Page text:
This famous passage bluntly rejects the idea, dominant in philosophy at least since Plato, that knowledge essentially involves a form of objectivity that penetrates behind all subjective appearances to reveal the way things really are, independently of any point of view whatsoever. Instead, the proposal is to approach “objectivity” (in a revised conception) asymptotically, by exploiting the difference between one perspective and another, using each to overcome the limitations of others, without assuming that anything like a “view from nowhere” is so much as possible. There is of course an implicit criticism of the traditional picture of a-perspectival objectivity here, but there is equally a positive set of recommendations about how to pursue knowledge as a finite, limited cognitive agent.
In working out his perspective optics of cognition, Nietzsche built on contemporary developments in the theory of cognition—particularly the work of non-orthodox neo-Kantians like Friedrich Lange and positivists like Ernst Mach, who proposed naturalized, psychologically-based versions of the broad type of theory of cognition initially developed by Kant and Schopenhauer (see Clark 1990; Kaulbach 1980, 1990; Anderson 1998, 2002, 2005; Green 2002; Hill 2003; Hussain 2004). The Kantian thought was that certain very basic structural features of the world we know (space, time, causal relations, etc.) were artifacts of our subjective cognitive faculties rather than properties or relations of things in themselves; but where Kant and Schopenhauer had treated these structures as necessary, a priori conditions of any possible experience whatsoever, the more naturalistically oriented figures who influenced Nietzsche sought to trace them to sources in human empirical psychology, which would of course be contingent. The potential of these ineliminable subject-side influences to vary suggests Nietzsche’s idea of treating them as a kind of perspective, and he does not hesitate to tie these cognitively important perspectives back to his own ideas about psychology. In particular, the Genealogy passage emphasizes that for him, perspectives are always rooted in affects and their associated patterns of valuation. For that reason, Nietzsche holds that “every great philosophy so far” has been “the personal confession of its author and a kind of involuntary and unconscious memoir” (BGE 6). Thus, theoretical claims not only need to be analyzed from the point of view of truth, but can also be diagnosed as symptoms and thereby traced back to the complex configurations of drive and affect from the point of view of which they make sense. Nietzsche’s perspectivism thus connects to his “genealogical” program of criticizing philosophical theories by exposing the psychological needs they satisfy; perspectivism serves both to motivate the program, and to provide it with methodological guidance.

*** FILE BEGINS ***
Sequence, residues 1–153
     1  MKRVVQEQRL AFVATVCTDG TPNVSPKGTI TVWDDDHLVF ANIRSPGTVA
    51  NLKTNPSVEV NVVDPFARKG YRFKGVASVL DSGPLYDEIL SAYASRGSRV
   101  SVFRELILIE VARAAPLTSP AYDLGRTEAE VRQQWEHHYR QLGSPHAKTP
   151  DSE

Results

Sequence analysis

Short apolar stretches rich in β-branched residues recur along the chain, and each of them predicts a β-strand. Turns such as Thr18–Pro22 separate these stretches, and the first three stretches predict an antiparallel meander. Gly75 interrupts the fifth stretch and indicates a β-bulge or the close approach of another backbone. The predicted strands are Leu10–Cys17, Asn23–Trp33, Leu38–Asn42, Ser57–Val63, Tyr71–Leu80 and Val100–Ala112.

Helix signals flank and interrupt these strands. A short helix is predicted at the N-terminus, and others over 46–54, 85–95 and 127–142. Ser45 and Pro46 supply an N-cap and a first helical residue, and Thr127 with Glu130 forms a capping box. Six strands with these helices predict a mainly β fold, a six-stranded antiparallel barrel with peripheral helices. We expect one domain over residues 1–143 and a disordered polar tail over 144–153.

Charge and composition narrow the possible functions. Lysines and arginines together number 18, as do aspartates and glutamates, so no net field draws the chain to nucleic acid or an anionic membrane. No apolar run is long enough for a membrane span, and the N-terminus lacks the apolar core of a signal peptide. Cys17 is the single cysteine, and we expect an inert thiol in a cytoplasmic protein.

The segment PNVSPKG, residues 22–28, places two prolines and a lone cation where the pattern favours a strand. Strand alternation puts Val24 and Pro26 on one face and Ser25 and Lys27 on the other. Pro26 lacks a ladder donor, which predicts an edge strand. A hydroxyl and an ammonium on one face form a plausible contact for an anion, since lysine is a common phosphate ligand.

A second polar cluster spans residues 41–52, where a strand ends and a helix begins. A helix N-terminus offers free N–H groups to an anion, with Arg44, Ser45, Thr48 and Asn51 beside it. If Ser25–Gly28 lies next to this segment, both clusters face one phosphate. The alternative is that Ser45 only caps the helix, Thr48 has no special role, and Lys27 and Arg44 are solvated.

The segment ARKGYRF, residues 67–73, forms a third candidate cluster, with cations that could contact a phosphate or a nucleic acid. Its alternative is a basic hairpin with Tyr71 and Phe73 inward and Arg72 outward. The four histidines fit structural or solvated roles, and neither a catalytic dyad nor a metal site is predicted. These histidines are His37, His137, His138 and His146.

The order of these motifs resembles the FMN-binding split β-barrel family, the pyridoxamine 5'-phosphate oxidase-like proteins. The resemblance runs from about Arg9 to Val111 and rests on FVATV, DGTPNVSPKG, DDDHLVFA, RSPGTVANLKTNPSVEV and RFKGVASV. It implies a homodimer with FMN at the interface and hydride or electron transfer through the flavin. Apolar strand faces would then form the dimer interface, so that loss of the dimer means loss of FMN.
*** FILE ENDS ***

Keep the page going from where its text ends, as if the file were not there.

But Nietzsche’s perspectivism and his arguments for it go beyond epistemology, or the “theory of cognition” (Erkenntnistheorie), as it was practiced in the broadly Kantian milieu of his contemporary philosophy. (One should say, they “go beyond” the theory of cognition at least; Gemes (2009c, 2013) argues that epistemological interpretations of perspectivism are altogether mistaken, and that it should be taken instead as fundamentally a doctrine within moral psychology, about the drives and affects.) Nietzsche makes perspectivist claims not only concerning the side of the cognitive subject, but also about the side of the truth, or reality, we aim to know. His views on this topic have been highly controversial, with some scholars emphasizing Nietzsche’s apparent denials of truth (either skeptical denials that any truth is ever knowable, or more radical claims that the very idea of truth is somehow incoherent), and others highlighting his own frequent and routine claims for the truth of his own views, as well as the valorization of truthfulness and honesty we saw above (3.B.iv.). A number of different strategies have been proposed for reconciling the tensions between these different strands of text, including the supposition that at least some of Nietzsche’s own claims must fall outside the scope of his denials of truth (Hales and Welshon 2000), the idea that Nietzsche distinguished different senses of “truth” (Schacht 1983; Anderson 1998, 2005), and the developmental proposal that Nietzsche eventually gave up on his denials of truth late in his career (Clark 1990, 1998). In addition to work focused on Nietzsche’s understanding of truth per se, a good deal of scholarly effort has explored the way Nietzsche attempts to build his perspectivism down into the ontology of the world by understanding reality itself as a system of ever-shifting force-centers which themselves constitute a variety of points of view on the whole (notable contributions include Deleuze  1983; Abel 1984; Poellner 1995; Richardson 1996; Müller-Lauter 1999a; Hales and Welshon 2000; Gemes 2013). These efforts argue for strong connections between perspectivism and the will to power doctrine (section 6.1).
6.3 The Eternal Recurrence of the Same